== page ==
4.) Split bills

Stop seeing music in isolation. It never was. In the 60ies and 70ies it was part of a global political movement. In the 80ies it was part of fashion. Connect with dancers, visual artists, or programmers and web or app artists to design spectacular and unprecedented (… wait for it … disruptive! there, I said it.) experiences for your, now joint, audiences. Getting out of the music box also helps keeping the paralysis by analysis action in check.

5.) Connect

You need more $FB friends, more YouTube clicks, more email adresses. So get out there. On your merch table have an iPad where people can stream your YouTube vids. And get as near to requiring them to become your $FBriends as possible, whenever somebody comes near your table. This is way out of the comfort zone, so you may want to hire somebody who is capable of doing this.

6.) Conclusion

These, for me, are some of the best practices I have seen in the last years. Do they guarantee near-instant rock-stardom? You bet they do! And when you get there, be kind, drop a VIP pass to one of your shows.

Also, if you think I could help you out with more details or info, don’t hesitate to contact me.

Is Google harming its search results with its online ad business model?

A few years ago, the internet was a lot simpler.

Information was to be found on websites, for the most part. Shure, Internetsome obscure ftp and telnet sites, some chat channels, and a lot of newsgroups.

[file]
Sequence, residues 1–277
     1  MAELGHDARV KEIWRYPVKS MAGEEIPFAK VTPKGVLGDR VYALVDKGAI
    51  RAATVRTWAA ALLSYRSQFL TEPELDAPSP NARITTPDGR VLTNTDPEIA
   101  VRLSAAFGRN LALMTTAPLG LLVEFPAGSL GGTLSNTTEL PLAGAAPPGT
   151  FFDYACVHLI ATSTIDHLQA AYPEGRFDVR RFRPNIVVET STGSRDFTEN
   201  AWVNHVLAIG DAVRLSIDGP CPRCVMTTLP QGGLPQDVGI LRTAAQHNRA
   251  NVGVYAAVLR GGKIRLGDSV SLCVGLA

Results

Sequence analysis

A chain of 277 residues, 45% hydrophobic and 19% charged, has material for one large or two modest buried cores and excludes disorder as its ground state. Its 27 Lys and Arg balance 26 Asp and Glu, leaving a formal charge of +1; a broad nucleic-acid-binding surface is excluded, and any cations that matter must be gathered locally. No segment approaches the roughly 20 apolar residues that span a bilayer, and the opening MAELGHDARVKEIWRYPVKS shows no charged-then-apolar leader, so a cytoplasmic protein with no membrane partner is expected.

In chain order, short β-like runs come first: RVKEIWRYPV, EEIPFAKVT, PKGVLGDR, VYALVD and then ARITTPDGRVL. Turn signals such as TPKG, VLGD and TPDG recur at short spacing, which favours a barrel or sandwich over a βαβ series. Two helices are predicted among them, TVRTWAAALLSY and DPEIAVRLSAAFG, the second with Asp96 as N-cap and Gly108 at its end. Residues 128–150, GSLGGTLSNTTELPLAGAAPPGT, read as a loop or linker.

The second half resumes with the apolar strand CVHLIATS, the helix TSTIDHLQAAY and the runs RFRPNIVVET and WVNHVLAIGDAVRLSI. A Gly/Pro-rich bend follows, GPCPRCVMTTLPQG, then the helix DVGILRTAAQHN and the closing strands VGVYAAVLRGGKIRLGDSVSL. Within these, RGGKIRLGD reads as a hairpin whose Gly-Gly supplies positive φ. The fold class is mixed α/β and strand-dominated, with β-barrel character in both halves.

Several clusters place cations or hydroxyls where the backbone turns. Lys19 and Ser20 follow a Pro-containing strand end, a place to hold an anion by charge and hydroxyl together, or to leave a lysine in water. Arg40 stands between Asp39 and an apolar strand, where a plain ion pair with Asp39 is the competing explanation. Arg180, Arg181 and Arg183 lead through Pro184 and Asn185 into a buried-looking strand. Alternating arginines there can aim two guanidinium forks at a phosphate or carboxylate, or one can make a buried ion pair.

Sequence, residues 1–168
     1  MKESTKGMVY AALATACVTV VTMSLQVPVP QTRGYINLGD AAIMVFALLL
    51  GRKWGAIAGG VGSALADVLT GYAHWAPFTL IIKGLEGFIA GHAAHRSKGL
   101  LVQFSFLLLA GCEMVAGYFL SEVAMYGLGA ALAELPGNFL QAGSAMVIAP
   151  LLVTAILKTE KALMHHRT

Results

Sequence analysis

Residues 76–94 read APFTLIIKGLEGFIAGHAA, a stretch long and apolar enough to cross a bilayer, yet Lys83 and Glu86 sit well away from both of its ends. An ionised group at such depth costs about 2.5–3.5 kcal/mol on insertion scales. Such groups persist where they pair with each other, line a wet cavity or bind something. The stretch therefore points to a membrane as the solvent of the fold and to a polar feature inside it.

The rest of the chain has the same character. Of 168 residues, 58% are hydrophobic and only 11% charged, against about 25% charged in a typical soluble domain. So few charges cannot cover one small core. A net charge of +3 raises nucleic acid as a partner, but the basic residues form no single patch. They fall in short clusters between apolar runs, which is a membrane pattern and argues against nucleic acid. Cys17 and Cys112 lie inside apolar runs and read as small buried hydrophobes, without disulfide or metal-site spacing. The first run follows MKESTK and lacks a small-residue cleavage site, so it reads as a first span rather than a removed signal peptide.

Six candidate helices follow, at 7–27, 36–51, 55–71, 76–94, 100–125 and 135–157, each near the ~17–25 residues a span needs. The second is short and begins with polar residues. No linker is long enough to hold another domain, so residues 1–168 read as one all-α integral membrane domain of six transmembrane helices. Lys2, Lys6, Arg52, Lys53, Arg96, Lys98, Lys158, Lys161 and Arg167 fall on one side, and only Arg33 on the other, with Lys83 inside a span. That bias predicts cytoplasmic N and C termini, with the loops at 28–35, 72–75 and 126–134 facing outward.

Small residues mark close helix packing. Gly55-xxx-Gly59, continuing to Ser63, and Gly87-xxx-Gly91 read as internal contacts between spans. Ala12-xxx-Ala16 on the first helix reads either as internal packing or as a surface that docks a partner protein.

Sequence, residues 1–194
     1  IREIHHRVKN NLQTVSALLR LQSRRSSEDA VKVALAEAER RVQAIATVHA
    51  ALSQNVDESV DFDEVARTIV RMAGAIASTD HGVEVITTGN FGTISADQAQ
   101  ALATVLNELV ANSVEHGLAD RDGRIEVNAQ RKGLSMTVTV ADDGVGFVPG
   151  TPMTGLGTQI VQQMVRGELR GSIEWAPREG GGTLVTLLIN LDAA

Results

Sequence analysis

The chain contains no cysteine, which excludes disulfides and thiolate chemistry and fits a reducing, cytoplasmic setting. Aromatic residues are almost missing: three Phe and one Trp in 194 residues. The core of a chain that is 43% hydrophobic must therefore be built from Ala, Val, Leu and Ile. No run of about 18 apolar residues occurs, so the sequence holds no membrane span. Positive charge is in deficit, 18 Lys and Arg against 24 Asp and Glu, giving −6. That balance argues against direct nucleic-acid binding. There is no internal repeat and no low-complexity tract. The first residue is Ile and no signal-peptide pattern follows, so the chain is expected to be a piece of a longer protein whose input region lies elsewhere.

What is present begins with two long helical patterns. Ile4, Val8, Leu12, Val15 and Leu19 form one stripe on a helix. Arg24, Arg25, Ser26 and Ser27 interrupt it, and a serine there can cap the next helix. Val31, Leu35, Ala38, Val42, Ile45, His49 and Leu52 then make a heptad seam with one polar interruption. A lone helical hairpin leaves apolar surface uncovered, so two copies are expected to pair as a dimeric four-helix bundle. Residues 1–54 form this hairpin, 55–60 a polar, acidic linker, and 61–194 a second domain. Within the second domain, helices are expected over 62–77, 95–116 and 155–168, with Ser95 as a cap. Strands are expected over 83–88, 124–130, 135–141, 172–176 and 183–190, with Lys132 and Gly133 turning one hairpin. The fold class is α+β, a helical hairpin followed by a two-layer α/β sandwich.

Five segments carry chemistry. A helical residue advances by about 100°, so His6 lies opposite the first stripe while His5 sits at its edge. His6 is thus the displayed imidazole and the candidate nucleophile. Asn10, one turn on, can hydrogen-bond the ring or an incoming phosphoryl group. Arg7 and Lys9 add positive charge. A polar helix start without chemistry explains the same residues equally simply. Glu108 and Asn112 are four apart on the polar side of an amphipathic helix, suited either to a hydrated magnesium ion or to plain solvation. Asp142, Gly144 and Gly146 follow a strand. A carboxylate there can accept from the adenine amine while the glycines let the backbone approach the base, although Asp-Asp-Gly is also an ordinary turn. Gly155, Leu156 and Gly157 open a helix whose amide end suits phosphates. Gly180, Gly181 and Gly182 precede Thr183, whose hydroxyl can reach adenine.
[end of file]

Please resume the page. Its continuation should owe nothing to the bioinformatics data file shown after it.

Google just had to crawl usenet plus the http space, index all the information it found, and make sure users found what they wanted. Google did an amazing job here, and was rewarded by stellar growth, incredible user loyalty, and thanks to its superbly implemented way of auctioning off ad slots, a massive income stream.

Today, the internet is a lot more complicated. Information is often stored in Apps. Some of them are web apps, some aren’t. Some of the Apps’ content is searchable for Google, a lot isn’t.

And here is where it becomes difficult for Google: Why would a company make its App searchable, just so that Google could display more relevant search results, and as a return sell ads better.

Content providers not only get no share from ad sales, but actually have to pay, if they want an ad to link to their content.

Right now this paradigmt becomes questionable. Google’s search results are only as good as the amount of content they can access. Would you use a search engine that only had access to every second page?

Google has to start sharing some revenue with App devs if they want to have access to their content.

App developers do not rely on Google for the promotion of their apps. Here App stores have become the main channel. And this weakens Googles biggest strength as a gateway to traffic and users.

This becomes increasingly pressing as the Internet transforms from a very homogenous WWW to a polymorphic interconnection of Apps, Channels, Websites and streams of data.

Maybe its time for a new competitor in the search field. A disruption, to further abuse this horribly strained word. A company that builds its paradigms in the present form of the internet, Maybe even a collective effort. The ‘Net would be better of for it.

Limits of AI – inklings of

I adore Jeff Jonas work for IBM, and his take on Big Data. So from time to time I check his blog. I stumbled upon his update on the G2 sensemaking engine a while ago. As I reread it today a thought struck me: One of the limits to AI stems not from the algorithms deployed, or their processing power. But from their access to input, to data. From their lack of senses, if you will.